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  • Johnny Roberts

Healthy complex carbohydrates you should add to your diet

Carbs have been blamed for causing the current obesity epidemic.

However, not all carbs are created equal. Processed junk foods high in sugar and refined grains are definitely unhealthy and fattening — while whole, complex and fibre-rich foods are healthy.

Although low-carb diets can be beneficial for some people, you should not necessarily avoid all high-carb foods.

Here is my list of the very best complex carbohydrates to eat when trying to stay healthy and keep your figure:

1. Quinoa

Quinoa is a nutritious seed that has become incredibly popular in the natural health community.

It is classified as a pseudocereal, a seed that is prepared and eaten like a grain.

Quinoa is highly nutritious and has numerous health benefits that include improving blood sugar, containing many anti-oxidants, vitamins and minerals whilst also being very high in fibre and protein. control. It can be a very good carb to add to your diet regime to help facilitate weight loss.

2. Oats

Oats may be the healthiest whole grain food on the planet. They are a great source of many vitamins, minerals and antioxidants. Oats are also a relatively good source of protein, containing more than most grains Research suggests that oats may reduce the risk of heart disease by lowering cholesterol levels. Furthermore, oats are very filling and may help you lose weight.

3. Buckwheat

Buckwheat is also a pseudocereal. Despite the name, buckwheat is not related to wheat and does not contain gluten. Buckwheat is very nutritious, containing both protein and fibre. It also has more minerals and antioxidants than most grains.

4. Sweet potatoes

Sweet potatoes are a delicious, nutritious complex carb. Cooked sweet potatoes contain about 18–21% carbs. This carb content consists of starch, sugar and fibre.

Sweet potatoes are a rich source of provitamin A (from beta-carotene), vitamin C and potassium.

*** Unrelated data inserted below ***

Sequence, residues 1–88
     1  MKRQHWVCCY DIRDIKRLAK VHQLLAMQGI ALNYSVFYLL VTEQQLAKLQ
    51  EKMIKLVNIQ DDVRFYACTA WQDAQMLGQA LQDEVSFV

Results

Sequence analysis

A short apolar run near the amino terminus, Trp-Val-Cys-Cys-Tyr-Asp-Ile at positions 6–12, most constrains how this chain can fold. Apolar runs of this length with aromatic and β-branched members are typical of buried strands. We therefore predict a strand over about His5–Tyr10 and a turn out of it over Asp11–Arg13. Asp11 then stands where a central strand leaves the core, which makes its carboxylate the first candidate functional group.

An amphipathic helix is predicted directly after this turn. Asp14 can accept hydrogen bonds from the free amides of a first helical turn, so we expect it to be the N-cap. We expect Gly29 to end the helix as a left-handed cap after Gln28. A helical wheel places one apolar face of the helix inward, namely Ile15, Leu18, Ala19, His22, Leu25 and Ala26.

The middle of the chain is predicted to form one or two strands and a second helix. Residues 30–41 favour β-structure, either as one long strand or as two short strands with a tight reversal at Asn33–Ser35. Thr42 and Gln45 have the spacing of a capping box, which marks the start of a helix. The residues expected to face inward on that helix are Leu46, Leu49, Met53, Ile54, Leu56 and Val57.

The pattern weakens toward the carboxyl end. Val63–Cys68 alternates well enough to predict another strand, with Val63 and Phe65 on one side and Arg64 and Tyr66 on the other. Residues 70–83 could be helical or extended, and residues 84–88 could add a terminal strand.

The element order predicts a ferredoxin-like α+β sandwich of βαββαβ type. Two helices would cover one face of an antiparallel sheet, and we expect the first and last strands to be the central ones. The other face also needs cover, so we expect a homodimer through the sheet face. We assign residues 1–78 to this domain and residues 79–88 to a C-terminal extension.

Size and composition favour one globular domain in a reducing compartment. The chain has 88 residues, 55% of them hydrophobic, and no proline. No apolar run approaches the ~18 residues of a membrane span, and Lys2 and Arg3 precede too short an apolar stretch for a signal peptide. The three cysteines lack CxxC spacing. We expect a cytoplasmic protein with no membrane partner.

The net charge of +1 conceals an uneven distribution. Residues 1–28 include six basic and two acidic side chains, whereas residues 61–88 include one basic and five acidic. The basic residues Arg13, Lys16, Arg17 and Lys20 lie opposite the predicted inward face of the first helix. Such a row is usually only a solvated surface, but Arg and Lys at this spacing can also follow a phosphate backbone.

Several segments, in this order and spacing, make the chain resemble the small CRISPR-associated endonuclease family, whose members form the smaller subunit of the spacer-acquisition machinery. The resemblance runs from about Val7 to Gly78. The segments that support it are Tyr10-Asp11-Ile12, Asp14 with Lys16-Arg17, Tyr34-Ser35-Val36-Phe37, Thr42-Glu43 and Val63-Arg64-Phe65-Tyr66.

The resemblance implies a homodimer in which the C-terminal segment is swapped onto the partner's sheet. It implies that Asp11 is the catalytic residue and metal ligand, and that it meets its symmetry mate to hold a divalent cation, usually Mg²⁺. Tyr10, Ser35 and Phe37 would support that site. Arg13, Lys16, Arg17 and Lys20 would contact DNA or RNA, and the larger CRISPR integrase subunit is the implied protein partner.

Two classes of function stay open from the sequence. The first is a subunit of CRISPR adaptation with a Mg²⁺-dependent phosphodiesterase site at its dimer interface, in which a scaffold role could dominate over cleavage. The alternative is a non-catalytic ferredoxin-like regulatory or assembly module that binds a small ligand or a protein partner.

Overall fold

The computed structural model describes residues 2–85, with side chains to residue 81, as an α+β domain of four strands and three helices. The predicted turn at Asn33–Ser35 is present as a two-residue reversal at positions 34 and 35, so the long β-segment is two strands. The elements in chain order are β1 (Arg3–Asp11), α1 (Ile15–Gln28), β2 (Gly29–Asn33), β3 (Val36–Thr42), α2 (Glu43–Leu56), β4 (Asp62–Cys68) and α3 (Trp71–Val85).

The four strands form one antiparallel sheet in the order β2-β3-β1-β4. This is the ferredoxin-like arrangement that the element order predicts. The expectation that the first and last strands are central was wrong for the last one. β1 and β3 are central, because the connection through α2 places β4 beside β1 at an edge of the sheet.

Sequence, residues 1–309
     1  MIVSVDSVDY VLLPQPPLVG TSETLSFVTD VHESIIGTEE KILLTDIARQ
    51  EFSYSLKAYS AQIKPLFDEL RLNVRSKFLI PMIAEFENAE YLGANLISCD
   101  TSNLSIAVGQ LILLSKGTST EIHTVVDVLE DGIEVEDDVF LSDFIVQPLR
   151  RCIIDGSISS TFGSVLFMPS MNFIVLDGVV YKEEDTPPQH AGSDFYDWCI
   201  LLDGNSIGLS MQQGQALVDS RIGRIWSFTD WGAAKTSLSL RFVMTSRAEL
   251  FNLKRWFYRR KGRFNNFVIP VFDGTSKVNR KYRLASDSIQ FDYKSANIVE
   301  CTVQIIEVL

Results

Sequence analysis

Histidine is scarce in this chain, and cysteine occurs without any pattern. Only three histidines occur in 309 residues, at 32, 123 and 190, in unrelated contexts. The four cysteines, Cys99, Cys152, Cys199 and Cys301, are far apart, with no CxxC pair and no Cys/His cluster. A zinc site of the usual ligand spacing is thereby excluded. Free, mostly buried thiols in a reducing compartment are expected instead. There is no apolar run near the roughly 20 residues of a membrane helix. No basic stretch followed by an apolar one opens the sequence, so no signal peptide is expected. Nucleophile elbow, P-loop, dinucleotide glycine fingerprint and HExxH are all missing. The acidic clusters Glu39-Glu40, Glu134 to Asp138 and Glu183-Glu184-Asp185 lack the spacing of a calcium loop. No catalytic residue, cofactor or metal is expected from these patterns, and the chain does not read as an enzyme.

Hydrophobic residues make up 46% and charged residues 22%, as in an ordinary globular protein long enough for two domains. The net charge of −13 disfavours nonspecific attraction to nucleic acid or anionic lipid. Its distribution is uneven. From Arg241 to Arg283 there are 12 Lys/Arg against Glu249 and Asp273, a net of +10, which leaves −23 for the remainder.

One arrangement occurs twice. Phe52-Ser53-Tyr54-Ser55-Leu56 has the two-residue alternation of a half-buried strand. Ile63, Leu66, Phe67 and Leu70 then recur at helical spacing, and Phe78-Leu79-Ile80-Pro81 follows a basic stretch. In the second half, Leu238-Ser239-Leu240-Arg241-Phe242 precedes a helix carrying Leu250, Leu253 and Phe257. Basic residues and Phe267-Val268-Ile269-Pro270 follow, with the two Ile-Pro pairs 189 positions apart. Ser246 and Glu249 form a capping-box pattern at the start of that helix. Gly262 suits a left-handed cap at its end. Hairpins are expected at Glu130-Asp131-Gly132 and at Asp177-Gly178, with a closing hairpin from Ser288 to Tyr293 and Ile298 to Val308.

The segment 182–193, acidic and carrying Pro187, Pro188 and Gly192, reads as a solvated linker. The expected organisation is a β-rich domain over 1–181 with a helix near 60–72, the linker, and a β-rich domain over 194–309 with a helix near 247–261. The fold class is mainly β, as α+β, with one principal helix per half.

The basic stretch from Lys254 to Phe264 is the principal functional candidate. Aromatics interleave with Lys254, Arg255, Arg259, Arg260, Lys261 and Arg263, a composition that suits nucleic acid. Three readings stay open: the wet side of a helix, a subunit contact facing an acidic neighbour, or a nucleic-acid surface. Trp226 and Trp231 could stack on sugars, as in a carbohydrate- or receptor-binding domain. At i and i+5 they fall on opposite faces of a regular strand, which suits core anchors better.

They are very rich in antioxidants and may help reduce oxidative damage, lowering the risk of several diseases.

5. Brown rice

Brown rice is the go-to rice in some health food circles since it's considered to be more nutritious. Brown rice is a whole grain with a very low glycaemic index rating and has more fibre than white rice. It's also a great source of magnesium and selenium.

6. Kidney beans

Being rich in protein, fibre, and slow-release carbs, kidney beans are very effective at maintaining healthy levels of blood sugar. They have a low GI score, which means that your rise in blood sugar after eating them is low and more gradual.

7. Black beans

The antioxidants, fibre, protein, and carbohydrates in black beans make them nutritionally powerful. A diet rich in beans can reduce your risk of several serious medical conditions and help your body to process calories more effectively.

8. Pumpkin

Rich in vitamins, minerals and antioxidants, pumpkin is incredibly healthy.

What’s more, its low calorie content makes it a weight-loss-friendly food.

Its nutrients and antioxidants may boost your immune system, protect your eyesight, lower your risk of certain cancers and promote heart and skin health.

9. Butternut squash

Butternut squash is a good source of dietary fibre. Its high in vitamin A and is absolutely ideal for healthy weight maintenance. This squash is full of healthy carbohydrates and when it is boiled, it has a low glycaemic index of 51, making it a filling option that most people can regularly incorporate into meals.

10. Amaranth

Although amaranth has only recently gained popularity as a health food, this ancient grain has been a dietary staple in certain parts of the world for millennia.

It has an impressive nutrient profile and been associated with a number of impressive health benefits.

11. Barley

Barley is high in fibre, molybdenum, selenium, and manganese; you won't find a much more nutritious complex carb than barley. Barley is most readily incorporated into soups, but you can also boil it and serve it as a side dish to main accompaniments like meat, fish etc.

12. Cous cous

A type of wheat, couscous is coarsely ground pasta from semolina. It's a staple of North African cuisines and is mainly used as a base for other dishes such as vegetables, meat, or other carb sources.

13. Cassava

Cassava, also called yuca, is a starchy tuber that has a sweet, nutty flavour. It is low in fat, free of gluten, a good source of vitamin K, B complex vitamins, high in zinc, magnesium, copper, manganese and potassium. Cassava can simply replace potatoes for most dishes.

14. Bulgur wheat

Most common in European, Middle Eastern and Indian cuisine, bulgur is a cereal made from several different types of wheat – mostly from durum wheat. It can also be added to breads and salads and can be a great whole grain substitute for rice or other starches. It has a significantly higher calorie count than a potato, but is a great source of B complex vitamins, iron, magnesium and zinc.

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